Citicoline and lithium rescue retinal ganglion cells following partial optic nerve crush in the rat.
ABSTRACT Citicoline and lithium (Li(-)) have been shown to support retinal ganglion cell (RGC) survival and axon regeneration in vitro. Optic nerve crush (ONC) is a model of both brain axonal injury and certain aspects of the glaucomatous degeneration of RGC. We have used this model to quantify protection offered to RGC by these drugs and to determine whether their effects are mediated by enhanced expression of the antiapoptotic protein Bcl-2. Adult rats (6-12 per group) were subjected to ONC accompanied by a contralateral sham operation. Animals were treated intraperitoneally with either vehicle, citicoline sodium (1g/kg daily for up to 7 days and 300 mg/kg daily afterwards), lithium chloride (30 mg/kg daily), or both drugs combined. Fluorogold was injected bilaterally into superior colliculi 1, 5 or 19 days after ONC. Labeled cells were counted under a fluorescence microscope 2 days after tracer injection. In a separate set of experiments the effects of treatments on expression of Bcl-2 in retinas were evaluated by immunohistochemistry. In vehicle-treated animals there was a progressive decrease of RGC density after crush. This decrease was attenuated in citicoline-treated animals 1 week and 3 weeks after the crush. In the lithium-treated group protection was even more pronounced. In animals treated with both drugs RGC protection was similar to that achieved by lithium alone. Bcl-2 immunoreactivity was seen predominantly in retinal ganglion cells. Its increase was recorded in the lithium and citicoline group as well as in animals treated with the combination of both drugs. Both citicoline and lithium protect RGC and their axons in vivo against delayed degeneration triggered by the ONC. Retinoprotective action of both drugs may involve an increase in Bcl-2 expression.
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ABSTRACT: We investigated the effects of an ethanol extract of C. denticulatum (EECD) in a mouse model of glaucoma established by optic nerve crush (ONC), and found that EECD significantly protected against retinal ganglion cell (RGC) death caused by ONC. Furthermore, EECD effectively protected against N-methyl-D-aspartate-induced damage to the rat retinas. In vitro, EECD attenuated RGC-5 death and significantly blunted the up-regulation of apoptotic proteins induced by 1-buthionine-(S,R)-sulfoximine combined with glutamate, reduced reactive oxygen species production by radical species, and inhibited lipid peroxidation. The major EECD components were found to be chicoric acid and 3,5-dicaffeoylquinic acid (3,5-DCQA) that have shown beneficial effects on retinal degeneration both in vitro and in vivo studies. Thus, EECD could be used as a natural neuroprotective component for glaucoma, and chicoric acid and 3,5-DCQA as mark compounds for the development of functional food.Journal of Agricultural and Food Chemistry 01/2014; 62(6). DOI:10.1021/jf4046232 · 3.11 Impact Factor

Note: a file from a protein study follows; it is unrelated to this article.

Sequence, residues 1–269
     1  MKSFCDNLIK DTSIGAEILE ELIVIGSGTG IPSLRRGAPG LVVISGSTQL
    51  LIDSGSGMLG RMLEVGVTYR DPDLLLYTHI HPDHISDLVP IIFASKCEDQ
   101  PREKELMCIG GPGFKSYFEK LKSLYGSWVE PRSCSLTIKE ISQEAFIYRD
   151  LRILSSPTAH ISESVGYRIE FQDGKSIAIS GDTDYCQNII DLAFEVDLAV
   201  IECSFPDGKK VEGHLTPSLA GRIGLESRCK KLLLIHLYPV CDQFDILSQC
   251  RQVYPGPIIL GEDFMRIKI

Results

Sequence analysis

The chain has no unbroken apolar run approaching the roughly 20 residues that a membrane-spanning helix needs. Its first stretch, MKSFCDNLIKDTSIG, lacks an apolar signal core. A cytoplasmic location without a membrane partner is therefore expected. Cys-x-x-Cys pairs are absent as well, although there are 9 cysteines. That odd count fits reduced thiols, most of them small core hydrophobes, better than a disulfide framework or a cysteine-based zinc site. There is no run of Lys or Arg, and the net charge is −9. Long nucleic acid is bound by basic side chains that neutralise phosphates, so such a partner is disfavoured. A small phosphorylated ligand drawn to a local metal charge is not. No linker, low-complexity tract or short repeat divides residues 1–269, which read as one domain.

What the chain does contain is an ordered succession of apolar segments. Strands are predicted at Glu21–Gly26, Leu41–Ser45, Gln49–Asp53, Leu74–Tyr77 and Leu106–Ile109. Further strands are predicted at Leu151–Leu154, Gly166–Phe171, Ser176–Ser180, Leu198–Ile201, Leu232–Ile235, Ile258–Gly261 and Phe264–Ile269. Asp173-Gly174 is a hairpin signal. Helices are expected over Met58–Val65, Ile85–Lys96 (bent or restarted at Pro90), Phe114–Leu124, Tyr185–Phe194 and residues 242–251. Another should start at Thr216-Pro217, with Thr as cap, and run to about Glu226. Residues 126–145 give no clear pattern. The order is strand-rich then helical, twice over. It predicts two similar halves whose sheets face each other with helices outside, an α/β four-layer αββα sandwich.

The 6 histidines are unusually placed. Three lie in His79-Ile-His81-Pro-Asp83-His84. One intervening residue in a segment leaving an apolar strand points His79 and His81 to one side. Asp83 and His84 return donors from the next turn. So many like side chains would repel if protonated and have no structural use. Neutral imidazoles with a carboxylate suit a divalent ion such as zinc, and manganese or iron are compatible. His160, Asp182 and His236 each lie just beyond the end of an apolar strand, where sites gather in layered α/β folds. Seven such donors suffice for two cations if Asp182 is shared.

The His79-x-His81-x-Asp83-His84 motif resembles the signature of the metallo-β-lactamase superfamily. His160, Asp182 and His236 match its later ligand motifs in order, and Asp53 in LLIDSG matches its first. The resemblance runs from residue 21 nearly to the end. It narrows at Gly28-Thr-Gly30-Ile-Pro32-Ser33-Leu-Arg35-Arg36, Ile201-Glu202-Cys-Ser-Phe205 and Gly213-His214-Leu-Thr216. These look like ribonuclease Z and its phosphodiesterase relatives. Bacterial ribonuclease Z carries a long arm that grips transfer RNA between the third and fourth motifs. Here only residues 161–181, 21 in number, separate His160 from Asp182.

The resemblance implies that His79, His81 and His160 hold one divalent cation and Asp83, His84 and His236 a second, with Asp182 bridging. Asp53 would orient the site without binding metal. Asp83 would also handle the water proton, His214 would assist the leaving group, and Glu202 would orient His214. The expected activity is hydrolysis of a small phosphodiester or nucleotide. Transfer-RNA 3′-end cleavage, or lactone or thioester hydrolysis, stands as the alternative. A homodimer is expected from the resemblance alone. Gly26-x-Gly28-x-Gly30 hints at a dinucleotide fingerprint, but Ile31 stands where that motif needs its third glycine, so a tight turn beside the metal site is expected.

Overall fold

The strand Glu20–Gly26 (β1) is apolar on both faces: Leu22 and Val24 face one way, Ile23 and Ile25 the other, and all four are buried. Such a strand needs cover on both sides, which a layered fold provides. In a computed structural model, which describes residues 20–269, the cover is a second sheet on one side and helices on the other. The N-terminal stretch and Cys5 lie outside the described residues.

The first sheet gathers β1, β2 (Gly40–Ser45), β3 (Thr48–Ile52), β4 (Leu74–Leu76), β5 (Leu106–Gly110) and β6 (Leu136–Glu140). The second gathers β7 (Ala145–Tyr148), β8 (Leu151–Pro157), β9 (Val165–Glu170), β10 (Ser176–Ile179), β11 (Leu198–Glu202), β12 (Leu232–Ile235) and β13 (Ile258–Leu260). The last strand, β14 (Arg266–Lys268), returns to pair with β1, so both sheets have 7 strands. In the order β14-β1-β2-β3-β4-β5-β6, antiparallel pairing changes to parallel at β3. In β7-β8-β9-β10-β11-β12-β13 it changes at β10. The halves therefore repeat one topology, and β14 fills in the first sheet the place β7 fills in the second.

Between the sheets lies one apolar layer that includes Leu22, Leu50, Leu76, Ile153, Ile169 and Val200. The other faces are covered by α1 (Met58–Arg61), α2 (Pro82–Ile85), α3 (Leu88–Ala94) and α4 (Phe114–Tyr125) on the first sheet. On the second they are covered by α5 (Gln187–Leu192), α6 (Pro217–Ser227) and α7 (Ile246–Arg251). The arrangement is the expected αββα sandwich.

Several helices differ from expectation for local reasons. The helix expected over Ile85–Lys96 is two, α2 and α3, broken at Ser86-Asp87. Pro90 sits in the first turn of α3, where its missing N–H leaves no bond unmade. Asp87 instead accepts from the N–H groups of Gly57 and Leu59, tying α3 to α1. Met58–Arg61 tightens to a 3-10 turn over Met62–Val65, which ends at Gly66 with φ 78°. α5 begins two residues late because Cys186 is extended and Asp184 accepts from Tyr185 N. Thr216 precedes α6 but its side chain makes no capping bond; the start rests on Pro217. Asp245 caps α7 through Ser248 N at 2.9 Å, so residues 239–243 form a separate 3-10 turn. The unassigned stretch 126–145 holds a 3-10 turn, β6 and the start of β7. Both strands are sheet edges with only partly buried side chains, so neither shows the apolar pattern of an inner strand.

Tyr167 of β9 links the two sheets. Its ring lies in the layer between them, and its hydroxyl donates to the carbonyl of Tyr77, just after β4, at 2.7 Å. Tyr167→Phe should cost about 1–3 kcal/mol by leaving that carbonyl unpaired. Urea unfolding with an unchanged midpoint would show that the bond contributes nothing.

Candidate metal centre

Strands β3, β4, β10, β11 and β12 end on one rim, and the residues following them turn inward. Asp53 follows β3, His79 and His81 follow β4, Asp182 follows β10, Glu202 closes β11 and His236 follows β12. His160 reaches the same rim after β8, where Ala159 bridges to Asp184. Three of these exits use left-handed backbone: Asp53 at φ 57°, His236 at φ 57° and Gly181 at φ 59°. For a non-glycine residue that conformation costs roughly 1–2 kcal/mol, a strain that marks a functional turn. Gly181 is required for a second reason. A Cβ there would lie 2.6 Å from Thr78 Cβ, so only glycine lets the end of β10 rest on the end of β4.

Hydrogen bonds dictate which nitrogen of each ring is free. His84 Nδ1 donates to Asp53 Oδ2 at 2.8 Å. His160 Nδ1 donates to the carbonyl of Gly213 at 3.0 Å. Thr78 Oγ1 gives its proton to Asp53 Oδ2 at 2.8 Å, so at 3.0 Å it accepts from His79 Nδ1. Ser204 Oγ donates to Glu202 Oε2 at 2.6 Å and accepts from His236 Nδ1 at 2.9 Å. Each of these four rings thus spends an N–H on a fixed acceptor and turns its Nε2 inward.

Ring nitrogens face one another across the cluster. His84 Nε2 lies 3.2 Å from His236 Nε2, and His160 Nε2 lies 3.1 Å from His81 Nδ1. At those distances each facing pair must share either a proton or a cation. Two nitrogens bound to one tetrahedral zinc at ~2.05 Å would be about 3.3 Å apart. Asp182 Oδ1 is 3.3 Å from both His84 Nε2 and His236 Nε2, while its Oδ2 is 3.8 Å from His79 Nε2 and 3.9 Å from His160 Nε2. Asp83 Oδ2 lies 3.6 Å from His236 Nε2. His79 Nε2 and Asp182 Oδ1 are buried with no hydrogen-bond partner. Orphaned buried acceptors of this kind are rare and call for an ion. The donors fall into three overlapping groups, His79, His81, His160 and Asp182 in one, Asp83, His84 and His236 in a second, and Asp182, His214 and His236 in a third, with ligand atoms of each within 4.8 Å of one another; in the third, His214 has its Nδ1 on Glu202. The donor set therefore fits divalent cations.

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ABSTRACT: Neuroprotection of lithium for axotomized retinal ganglion cells (RGCs) is attributed to upregulated intraretinal Bcl-2. As lithium also upregulates brain-derived neurotrophic factor (BDNF) which can rescue axotomized RGCs, it is hypothesized that lithium could protect RGCs through BDNF. This study investigated this hypothesis and a possible relationship between the dose and protection of lithium. All adult experimental rats received daily intraperitoneal injections of lithium chloride (LiCl) at 30, 60 or 85 mg/kg·bw until they were euthanized 2, 7 or 14 days after left intraorbital optic nerve (ON) transection. Our results revealed that RGC densities promoted and declined with increased dose of LiCl and the highest RGC densities were always in the 60 mg/kg·bw LiCl group at both 7 and 14 day points. Similar promotion and decline in the mRNA and protein levels of intraretinal BDNF were also found at the 14 day point, while such BDNF levels increased in the 30 mg/kg·bw LiCl group but peaked in the 60 and 85 mg/kg·bw LiCl groups at the 7 day point. These findings suggested that lithium can delay the death of axotomized RGCs in a dose-dependent manner within a certain period after ON injury and such beneficial effect is interrelated with an upregulated level of intraretinal BDNF.International Journal of Molecular Sciences 08/2014; 15(8):13550-63. DOI:10.3390/ijms150813550 · 2.34 Impact Factor
Article: Neuroprotektive Ansätze[Show abstract] [Hide abstract]
ABSTRACT: Seit der Einführung der vitreoretinalen Chirurgie vor über 40 Jahren gab es zunächst stetig Bestrebungen, toxische Effekte, die z. B. durch Spüllösungen, Endoillumination oder mechanische Manipulation entstehen können, zu reduzieren. In letzter Zeit gibt es auch Versuche, neurodegenerative Prozesse am Auge durch pharmakologische Intervention zu verhindern. Als ein Beispiel eines solchen neuroprotektiven Ansatzes kann die Verwendung von Taurin als Zusatzstoff in Spüllösungen angesehen werden. Der Einsatz von therapeutischen Substanzen im Rahmen der vitreoretinalen Chirurgie bedeutet hinsichtlich der klinischen Zulassung einen erhöhten Aufwand an präklinischer Testung und klinischen Studien. Derzeit werden praktisch keine Neuroprotektiva im Rahmen vitreoretinaler Chirurgie routinemäßig eingesetzt. Experimentelle Studien deuten jedoch auf ein hohes Potenzial verschiedenster neuroprotektiver Substanzen hin. Der nachfolgende Beitrag soll einen Überblick über aktuelle neuroprotektive Ansätze mit potenzieller Anwendbarkeit in der vitreoretinalen Chirurgie geben und deren klinische Eignung kritisch diskutieren.Der Ophthalmologe 10/2013; 110(10). DOI:10.1007/s00347-013-2831-0 · 0.72 Impact Factor